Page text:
Same style of derby as that used for morning wear. The silk hat may be
worn for formal riding when without the top-coat.

_The Hand._—Dark tan gloves or gauntlets, same as morning wear.

_The Foot._—Riding boots or shoes are worn, according to taste of wearer.

The leathers used are patent or enamel.

Spurs of nickel or silver plate are worn.

The crop is always carried. This is silver mounted, and any selected wood.

_The Body._—A four-button, single-breasted cutaway of any selected
material and pattern—not black—is the proper body-coat. Very short
skirts. Waistcoat same, or selected material. High cut; single-breasted.

_Trousers._—They may be long, with straps.

They may be short—just below knee—buttoned at side and baggy above knee.
Riding boots or leggings are worn with the knee-breeches, while with the
trousers laced shoes are worn. The leggings are made to button, strap, or
hook. The most stylish leggings are of the same material as the breeches.

Trousers or breeches should be of some light pattern; material should be
strong. They are lined on the seat and inner side of legs with chamois
skin.

For evening rides, as in academies, the black silk top-hat, white suéde
gloves, single-breasted, black, cutaway body-coat, and strap trousers of
the same material. Spurs and crop may be worn.

For elderly men the black body-coat and strap trousers may be worn during
the day.


DRIVING

Morning wear is worn for morning drives.

Afternoon drives, if formal, afternoon dress is worn.

The same rule holds good when you handle the ribbons, as when the
coachman occupies the box.

The driving overcoat is only worn in the box seat.


TRAVELING

Morning wear is the proper dress for all travel, be it on ocean or land.

Sack suits, double or single breasted, are exceedingly stylish and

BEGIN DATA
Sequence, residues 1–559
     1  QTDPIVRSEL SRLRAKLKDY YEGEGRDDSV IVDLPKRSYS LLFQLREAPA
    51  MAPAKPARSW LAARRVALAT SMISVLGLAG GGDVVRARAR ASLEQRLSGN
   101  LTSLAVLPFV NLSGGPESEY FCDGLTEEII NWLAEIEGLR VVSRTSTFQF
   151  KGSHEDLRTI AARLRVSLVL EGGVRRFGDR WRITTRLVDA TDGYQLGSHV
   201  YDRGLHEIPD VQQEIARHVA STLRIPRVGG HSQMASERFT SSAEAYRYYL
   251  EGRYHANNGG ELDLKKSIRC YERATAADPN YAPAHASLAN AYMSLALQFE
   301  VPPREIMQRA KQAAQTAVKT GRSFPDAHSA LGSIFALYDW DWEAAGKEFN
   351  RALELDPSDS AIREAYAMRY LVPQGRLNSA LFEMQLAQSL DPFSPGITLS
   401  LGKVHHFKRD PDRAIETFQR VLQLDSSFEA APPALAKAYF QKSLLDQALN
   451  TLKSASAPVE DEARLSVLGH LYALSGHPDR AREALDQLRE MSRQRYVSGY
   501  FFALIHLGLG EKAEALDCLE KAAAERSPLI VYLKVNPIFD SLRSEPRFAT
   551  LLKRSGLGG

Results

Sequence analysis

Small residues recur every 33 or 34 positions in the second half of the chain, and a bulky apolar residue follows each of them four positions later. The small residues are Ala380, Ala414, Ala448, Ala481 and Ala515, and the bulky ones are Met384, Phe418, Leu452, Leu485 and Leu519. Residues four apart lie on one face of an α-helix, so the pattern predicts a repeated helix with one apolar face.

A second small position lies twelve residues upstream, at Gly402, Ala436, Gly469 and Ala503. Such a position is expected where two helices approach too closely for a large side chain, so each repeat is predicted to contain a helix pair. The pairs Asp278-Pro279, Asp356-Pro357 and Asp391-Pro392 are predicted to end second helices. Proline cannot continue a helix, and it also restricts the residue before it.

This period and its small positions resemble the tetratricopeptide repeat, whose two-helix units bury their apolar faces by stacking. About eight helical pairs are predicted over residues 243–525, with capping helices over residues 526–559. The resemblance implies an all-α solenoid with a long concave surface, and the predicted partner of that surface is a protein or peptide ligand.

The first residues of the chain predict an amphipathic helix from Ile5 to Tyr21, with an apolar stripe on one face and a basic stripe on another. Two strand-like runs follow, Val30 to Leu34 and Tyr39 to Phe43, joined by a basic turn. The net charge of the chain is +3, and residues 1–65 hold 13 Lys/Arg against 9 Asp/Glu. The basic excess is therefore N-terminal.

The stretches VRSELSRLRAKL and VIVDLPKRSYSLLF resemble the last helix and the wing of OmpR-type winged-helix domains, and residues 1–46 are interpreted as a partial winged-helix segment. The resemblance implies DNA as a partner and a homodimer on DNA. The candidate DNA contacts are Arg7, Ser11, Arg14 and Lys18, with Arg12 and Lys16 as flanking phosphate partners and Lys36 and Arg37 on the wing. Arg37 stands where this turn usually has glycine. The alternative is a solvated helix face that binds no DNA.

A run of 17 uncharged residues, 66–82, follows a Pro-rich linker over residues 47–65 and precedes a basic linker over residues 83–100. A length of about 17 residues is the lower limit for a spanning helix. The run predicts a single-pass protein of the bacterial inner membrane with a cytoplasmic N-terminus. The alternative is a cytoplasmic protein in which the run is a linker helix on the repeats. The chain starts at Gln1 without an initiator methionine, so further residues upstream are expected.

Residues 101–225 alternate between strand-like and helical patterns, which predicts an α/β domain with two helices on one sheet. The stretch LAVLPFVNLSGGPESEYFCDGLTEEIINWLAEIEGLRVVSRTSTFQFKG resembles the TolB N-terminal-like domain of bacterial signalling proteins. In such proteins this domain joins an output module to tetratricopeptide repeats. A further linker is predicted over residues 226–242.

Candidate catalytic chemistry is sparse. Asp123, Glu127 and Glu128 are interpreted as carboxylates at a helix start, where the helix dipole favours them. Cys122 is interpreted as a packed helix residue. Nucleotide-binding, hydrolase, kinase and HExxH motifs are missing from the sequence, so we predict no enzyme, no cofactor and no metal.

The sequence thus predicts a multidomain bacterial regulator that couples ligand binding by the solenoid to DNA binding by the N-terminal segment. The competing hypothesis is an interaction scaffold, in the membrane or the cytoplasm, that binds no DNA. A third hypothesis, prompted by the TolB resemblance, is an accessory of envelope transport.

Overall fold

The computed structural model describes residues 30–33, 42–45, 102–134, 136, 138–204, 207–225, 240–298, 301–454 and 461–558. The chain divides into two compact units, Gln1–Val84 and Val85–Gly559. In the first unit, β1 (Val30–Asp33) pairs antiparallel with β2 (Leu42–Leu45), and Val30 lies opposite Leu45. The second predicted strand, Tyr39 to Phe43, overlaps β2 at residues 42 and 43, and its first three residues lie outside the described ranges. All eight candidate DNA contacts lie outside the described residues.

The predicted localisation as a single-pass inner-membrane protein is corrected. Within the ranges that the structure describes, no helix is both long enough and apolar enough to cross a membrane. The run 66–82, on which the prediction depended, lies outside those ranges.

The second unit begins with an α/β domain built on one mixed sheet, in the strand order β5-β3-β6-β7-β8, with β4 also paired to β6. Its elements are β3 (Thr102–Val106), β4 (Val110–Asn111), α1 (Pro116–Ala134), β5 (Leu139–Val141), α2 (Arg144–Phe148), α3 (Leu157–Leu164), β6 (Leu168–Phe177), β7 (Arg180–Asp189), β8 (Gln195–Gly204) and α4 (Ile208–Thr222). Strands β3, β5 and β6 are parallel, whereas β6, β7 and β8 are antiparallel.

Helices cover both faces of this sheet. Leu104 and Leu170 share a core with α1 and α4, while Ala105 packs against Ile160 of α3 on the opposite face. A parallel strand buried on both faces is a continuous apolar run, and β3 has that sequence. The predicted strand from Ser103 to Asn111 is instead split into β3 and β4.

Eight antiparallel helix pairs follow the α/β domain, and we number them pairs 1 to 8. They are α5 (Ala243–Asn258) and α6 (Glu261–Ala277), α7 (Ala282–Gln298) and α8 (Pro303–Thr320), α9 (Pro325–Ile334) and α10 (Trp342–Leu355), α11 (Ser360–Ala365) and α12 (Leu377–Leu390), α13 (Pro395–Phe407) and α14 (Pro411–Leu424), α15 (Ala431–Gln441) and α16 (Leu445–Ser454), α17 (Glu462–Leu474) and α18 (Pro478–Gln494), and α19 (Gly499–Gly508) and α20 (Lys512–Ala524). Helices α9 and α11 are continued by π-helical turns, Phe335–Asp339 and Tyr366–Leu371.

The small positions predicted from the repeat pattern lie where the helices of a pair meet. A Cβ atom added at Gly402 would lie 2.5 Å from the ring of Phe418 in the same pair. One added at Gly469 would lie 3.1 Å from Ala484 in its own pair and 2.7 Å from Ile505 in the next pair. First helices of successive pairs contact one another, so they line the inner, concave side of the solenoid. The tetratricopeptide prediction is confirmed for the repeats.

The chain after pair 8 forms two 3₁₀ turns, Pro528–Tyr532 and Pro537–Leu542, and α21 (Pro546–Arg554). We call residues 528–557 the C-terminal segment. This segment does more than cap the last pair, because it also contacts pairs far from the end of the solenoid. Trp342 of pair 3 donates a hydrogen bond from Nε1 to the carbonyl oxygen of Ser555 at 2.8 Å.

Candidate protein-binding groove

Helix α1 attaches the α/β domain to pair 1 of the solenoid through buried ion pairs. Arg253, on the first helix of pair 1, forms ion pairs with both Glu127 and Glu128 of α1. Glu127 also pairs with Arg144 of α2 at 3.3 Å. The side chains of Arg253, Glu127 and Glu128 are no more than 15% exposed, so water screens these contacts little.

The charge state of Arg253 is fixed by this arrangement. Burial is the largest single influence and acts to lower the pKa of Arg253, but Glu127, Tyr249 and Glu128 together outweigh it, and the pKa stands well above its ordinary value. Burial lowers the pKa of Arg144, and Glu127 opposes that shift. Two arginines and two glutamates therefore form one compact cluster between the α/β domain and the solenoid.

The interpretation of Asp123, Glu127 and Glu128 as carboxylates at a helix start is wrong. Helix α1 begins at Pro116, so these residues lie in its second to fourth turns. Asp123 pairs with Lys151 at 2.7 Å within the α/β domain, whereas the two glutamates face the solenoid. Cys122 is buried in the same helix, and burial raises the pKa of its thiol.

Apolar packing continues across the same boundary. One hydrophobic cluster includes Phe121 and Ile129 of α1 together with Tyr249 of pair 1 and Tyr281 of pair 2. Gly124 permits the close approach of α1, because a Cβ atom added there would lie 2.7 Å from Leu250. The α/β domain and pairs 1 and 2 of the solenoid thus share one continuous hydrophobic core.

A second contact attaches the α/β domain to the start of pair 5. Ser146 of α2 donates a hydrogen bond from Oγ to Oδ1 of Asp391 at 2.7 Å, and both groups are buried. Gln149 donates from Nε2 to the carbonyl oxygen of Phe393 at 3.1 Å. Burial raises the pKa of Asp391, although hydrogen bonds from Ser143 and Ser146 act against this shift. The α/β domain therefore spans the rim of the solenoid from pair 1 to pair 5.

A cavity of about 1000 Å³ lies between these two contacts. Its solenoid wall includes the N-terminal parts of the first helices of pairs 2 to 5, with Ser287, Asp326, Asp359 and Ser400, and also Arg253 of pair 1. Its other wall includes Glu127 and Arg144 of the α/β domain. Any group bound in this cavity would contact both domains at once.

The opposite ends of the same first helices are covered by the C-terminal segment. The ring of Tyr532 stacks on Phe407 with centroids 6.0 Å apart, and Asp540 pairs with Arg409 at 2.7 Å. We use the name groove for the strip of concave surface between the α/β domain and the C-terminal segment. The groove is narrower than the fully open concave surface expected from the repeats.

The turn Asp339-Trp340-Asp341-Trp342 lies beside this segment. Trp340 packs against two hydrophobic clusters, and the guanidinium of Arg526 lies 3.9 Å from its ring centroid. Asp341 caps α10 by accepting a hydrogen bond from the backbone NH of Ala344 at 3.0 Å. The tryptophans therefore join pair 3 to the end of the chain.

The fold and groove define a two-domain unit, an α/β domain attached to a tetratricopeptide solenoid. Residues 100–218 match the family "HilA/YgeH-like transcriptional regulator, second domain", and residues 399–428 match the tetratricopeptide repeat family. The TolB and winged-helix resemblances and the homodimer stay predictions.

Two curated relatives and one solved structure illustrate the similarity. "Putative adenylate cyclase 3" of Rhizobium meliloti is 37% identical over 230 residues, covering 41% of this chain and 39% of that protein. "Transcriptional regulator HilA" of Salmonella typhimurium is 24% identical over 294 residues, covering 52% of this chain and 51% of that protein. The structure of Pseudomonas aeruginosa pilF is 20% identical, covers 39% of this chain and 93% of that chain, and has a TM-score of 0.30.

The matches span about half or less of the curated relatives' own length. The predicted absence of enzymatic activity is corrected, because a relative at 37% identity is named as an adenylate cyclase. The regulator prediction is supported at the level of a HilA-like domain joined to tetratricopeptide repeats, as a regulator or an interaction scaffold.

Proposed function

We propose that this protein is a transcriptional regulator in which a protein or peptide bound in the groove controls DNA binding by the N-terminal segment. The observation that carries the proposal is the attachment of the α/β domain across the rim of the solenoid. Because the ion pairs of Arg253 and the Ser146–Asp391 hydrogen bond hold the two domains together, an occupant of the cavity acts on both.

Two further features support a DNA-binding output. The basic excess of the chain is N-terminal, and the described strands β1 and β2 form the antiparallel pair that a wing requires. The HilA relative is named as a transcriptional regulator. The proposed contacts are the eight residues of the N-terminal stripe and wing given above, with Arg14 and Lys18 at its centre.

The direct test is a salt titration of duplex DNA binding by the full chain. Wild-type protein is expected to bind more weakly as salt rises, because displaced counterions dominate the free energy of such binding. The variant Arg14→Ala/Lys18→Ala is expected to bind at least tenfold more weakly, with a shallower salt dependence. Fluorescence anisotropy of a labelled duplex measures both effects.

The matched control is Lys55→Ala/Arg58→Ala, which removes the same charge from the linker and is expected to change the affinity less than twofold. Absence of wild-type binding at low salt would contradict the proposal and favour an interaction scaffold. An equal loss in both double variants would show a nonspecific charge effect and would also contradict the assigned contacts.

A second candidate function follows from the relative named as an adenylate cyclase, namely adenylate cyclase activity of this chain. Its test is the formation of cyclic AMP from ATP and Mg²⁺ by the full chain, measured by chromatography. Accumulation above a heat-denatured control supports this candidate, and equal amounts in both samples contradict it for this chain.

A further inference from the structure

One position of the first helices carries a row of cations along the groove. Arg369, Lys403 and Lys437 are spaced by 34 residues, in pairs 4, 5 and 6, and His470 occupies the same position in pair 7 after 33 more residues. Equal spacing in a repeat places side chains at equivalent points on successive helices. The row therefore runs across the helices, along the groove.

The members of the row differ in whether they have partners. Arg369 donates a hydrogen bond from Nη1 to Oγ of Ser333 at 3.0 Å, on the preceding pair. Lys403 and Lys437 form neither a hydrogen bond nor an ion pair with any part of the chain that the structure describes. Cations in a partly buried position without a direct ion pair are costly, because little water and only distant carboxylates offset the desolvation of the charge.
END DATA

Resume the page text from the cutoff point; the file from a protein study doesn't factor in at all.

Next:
comfortable. Dark colored material is doubtless the best, as it does
not show the dust and wear of travel. Heavy cloths for winter and light
weights for summer travel.


YACHTING

This is worn on board ship any time of year. For visiting on shore, a
day or so, it may be worn, if your temporary home is the yacht. Heavy
material for winter, and light weights for summer.

_Head._—The proper head apparel is the yachting cap. This may be made in
white or blue flannel, serge, or white canvas.

The yachting cap is for morning, afternoon, or evening wear, in port or
at sea.

_The Hand._—For all formal affairs on board ship, white suéde gloves
are worn. In winter or summer, tan kid gloves may be worn with yachting
attire.

_Foot._—Either a blue or white canvas laced shoe or tie, with rubber
soles, for day wear.

For summer evening wear, white suéde or canvas ties. For the same in
winter, evening dress-shoes.

_Body._—For day wear, the double-breasted, sack body-coat. This may be
blue or white flannel, or serges in blue or white. Brass buttons are
generally used.

_Waistcoat._—This may match the body-coat in material and color, and cut,
or not, as the wearer desires.

_Trousers._—These always match the body-coat in material and color.

White canvas suits may be worn, but they are coarse and clumsy.

White trousers may also be worn with a blue body-coat.

       *       *       *       *       *

For formal occasions, evening wear on a yacht consists of evening dress,
as on land.

The silk negligé shirt is worn for day wear, if preferred to linen.

The ties for day wear are four-in-hands and cravats, self-tying.